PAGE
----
A new level of budget car
by Mike Schlee
The term hot hatch is painfully over used. Any time a small five-door gets larger wheels, a mild bump in horsepower, or a slapped on body kit, people begin referring to it as a hot hatch. So what exactly is a hot hatch? Wikipedia claims a hot hatch ‘is a high-performance derivative of a car body style consisting of a three- or five-door hatchback automobile.’ That definition is broader than describing Ayrton Senna as a ‘driver’.
That said, I’ll take a stab at my own definition. To me, a hot hatch is an otherwise pedestrian three or five door vehicle with enough performance to match that of a sports car within the same price range. Some hot hatches that come to mind are the Ford
Focus ST, Subaru WRX STi and Mazdaspeed3. And now, there is one more, the Ford Fiesta ST.
THE BABY ST FINALLY IMMIGRATES
After years roaming European streets with a swarm of other high performance subcompact competitors, Ford is finally bringing the Fiesta ST to North America. As if the compact Focus ST wasn’t enough, the blue oval wants everyone to know that the manufacturer is serious about hot hatches; and we are all better for it.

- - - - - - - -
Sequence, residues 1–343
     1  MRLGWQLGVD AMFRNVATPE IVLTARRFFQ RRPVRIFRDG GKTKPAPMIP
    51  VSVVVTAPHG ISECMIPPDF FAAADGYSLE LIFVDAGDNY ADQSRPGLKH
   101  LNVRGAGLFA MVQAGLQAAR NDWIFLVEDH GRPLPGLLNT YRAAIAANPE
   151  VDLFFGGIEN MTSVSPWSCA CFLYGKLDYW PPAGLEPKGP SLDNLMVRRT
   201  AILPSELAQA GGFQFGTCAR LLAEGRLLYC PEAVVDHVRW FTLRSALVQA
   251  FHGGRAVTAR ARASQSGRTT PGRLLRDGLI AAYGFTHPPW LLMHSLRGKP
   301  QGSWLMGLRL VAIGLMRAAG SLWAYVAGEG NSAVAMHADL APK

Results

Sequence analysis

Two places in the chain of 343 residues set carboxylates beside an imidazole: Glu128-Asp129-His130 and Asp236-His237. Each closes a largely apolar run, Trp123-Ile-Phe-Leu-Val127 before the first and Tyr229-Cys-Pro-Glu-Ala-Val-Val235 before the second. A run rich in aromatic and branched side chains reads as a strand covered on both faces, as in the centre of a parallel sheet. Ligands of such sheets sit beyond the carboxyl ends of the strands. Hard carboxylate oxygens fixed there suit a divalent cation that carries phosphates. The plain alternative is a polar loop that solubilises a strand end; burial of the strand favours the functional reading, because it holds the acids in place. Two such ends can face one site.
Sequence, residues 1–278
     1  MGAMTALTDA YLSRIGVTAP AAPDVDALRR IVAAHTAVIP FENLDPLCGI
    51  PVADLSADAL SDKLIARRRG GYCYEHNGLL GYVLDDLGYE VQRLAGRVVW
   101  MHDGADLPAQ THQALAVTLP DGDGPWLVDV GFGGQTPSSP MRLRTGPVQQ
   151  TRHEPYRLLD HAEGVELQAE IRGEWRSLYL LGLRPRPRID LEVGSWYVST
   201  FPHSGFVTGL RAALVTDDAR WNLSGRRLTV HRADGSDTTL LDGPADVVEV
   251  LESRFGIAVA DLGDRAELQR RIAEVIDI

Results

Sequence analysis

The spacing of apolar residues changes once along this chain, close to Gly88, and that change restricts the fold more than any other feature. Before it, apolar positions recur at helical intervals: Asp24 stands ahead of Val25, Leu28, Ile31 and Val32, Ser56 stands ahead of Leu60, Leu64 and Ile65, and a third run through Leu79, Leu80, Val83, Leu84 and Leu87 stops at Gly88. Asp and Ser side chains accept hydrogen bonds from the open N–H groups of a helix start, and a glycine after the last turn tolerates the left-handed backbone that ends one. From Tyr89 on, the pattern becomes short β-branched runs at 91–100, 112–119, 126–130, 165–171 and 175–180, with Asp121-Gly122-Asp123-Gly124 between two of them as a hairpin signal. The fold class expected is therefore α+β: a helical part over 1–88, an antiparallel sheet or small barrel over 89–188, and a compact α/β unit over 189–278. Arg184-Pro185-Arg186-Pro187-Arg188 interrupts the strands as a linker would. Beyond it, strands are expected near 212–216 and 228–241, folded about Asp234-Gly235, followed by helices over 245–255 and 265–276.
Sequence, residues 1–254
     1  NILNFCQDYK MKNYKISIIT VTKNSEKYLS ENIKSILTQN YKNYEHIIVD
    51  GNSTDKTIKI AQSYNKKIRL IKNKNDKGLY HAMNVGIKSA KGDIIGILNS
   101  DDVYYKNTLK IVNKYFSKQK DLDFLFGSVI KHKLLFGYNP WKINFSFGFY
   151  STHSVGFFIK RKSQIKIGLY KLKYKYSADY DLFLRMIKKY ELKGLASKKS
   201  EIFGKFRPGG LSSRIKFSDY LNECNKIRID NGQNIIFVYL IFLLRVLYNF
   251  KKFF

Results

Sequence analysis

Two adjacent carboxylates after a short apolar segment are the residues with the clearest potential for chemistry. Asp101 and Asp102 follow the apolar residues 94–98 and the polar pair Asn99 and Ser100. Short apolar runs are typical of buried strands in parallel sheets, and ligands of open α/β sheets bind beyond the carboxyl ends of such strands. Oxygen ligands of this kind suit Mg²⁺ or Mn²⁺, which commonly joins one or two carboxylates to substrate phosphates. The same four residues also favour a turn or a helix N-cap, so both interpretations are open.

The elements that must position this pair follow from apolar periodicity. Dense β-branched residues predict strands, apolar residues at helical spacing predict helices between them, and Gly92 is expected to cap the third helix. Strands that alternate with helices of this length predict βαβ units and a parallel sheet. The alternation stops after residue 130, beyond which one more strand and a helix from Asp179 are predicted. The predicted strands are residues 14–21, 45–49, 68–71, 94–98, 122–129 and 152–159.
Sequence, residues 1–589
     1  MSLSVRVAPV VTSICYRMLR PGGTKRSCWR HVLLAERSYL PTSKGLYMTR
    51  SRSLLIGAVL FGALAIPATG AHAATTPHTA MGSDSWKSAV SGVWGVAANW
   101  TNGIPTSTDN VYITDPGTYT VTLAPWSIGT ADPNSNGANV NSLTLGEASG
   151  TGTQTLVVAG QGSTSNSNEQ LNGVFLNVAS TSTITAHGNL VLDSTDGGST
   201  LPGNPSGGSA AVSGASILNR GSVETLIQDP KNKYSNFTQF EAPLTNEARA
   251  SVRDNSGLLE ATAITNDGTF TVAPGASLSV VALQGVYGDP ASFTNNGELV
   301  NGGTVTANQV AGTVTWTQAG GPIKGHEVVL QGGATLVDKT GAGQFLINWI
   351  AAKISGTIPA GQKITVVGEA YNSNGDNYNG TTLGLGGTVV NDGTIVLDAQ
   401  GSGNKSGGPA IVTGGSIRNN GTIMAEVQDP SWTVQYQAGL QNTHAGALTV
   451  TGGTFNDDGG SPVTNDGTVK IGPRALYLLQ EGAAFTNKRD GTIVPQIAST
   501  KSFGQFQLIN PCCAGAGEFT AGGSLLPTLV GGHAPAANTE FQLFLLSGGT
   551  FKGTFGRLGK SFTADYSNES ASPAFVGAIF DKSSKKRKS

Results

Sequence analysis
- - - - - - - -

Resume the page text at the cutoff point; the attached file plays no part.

The ST Fiesta features Ford’s 1.6-liter EcoBoost four-cylinder engine, jacked up with overboost to achieve an impressive 197 hp and 202 lb-ft of torque. That is a serious amount of power for a vehicle only weighing 2,742 lbs.
In fact, that’s more power than a MINI Cooper S and more torque than a Scion FR-S. The only vehicle in the Fiesta’s price and weight range that can beat it on power is the Hyundai Veloster Turbo. However, the supposed power deficit exists on paper only as the ST feels far more powerful throughout the rpm range than the little Hyundai. There is no lag in the Fiesta as the power builds up; an issue that plagues the Veloster Turbo. And it is not just compared to the Veloster that this motor feels punchy; it pulls just as hard as the far more powerful, albeit heavier Focus ST.